Ice Generation and the Heat and Mass Transfer Phenomena of Introducing Water to a Cold Bath of Brine

Xiao Yun, Joe Quarini

Research output: Contribution to journalArticle (Academic Journal)peer-review

1 Citation (Scopus)
224 Downloads (Pure)


We demonstrate a method for the study of the heat and mass transfer and of the freezing phenomena in a subcooled brine environment. Our experiment showed that, under the proper conditions, ice can be produced when water is introduced to a bath of cold brine. To make ice form, in addition to having the brine and water mix, the rate of heat transfer must bypass that of mass transfer. When water is introduced in the form of tiny droplets to the brine surface, the mode of heat and mass transfer is by diffusion. The buoyancy stops water from mixing with the brine underneath, but as the ice grows thicker, it slows down the rate of heat transfer, making ice more difficult to grow as a result. When water is introduced inside the brine in the form of a flow, a number of factors are found to influence how much ice can form. Brine temperature and concentration, which are the driving forces of heat and mass transfer, respectively, can affect the water-to-ice conversion ratio; lower bath temperatures and brine concentrations encourage more ice to form. The flow rheology, which can directly affect both the heat and mass transfer coefficients, is also a key factor. In addition, the flow rheology changes the area of contact of the flow with the bulk fluid.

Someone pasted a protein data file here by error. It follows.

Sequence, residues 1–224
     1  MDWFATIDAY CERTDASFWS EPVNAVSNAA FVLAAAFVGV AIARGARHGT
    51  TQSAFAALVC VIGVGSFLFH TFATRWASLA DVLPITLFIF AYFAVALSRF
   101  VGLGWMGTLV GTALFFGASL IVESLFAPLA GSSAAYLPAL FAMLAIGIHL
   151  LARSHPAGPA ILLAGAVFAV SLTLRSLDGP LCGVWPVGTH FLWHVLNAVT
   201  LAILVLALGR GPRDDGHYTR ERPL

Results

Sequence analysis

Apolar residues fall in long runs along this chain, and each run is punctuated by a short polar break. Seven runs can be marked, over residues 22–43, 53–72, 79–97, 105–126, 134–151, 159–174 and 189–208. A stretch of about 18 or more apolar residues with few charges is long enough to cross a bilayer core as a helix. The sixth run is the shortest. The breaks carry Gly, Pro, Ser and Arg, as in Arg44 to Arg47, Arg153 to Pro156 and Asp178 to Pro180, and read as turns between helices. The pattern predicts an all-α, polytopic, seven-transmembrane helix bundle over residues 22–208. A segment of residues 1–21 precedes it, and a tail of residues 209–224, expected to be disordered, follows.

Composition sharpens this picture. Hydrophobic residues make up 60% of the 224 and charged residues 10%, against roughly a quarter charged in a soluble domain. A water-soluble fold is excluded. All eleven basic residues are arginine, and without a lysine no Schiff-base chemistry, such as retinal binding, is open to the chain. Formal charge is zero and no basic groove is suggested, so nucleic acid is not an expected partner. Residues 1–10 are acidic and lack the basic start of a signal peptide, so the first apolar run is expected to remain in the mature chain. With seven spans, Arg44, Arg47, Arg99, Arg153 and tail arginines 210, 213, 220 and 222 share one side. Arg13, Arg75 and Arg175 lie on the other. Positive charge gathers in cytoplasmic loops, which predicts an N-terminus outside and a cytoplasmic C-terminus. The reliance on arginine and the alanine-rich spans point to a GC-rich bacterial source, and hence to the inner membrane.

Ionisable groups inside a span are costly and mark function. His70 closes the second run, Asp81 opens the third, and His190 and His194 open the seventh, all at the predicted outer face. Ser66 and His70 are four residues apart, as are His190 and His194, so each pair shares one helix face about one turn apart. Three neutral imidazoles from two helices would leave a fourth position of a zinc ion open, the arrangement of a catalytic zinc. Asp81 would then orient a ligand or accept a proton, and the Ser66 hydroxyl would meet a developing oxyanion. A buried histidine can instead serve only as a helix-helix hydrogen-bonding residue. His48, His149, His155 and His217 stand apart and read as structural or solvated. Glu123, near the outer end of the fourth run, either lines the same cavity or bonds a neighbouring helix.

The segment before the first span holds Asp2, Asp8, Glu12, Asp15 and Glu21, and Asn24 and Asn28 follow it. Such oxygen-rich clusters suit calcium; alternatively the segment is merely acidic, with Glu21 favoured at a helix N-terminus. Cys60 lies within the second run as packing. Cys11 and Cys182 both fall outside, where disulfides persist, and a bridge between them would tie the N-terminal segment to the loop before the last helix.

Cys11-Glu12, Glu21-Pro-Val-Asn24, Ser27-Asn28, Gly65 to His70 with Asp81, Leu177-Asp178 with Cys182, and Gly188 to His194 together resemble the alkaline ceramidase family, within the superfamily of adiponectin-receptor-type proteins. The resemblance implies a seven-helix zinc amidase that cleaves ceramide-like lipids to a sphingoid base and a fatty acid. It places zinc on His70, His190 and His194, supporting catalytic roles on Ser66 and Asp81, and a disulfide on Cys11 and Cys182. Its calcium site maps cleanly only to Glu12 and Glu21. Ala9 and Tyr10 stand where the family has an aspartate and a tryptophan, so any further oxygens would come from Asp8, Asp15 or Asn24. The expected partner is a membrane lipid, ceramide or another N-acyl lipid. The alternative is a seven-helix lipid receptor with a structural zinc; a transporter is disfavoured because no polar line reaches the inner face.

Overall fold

Original languageEnglish
Article numbere55014
JournalJournal of Visualized Experiments
Issue number121
Early online date13 Mar 2017
Publication statusPublished - Mar 2017


  • heat and mass transfer
  • convection
  • diffusion
  • advection
  • phase transformation
  • ice formation
  • latent heat of fusion
  • flow rheology
  • freezing
  • Reynolds analogy
  • coefficient of performance (COP)


Dive into the research topics of 'Ice Generation and the Heat and Mass Transfer Phenomena of Introducing Water to a Cold Bath of Brine'. Together they form a unique fingerprint.

Cite this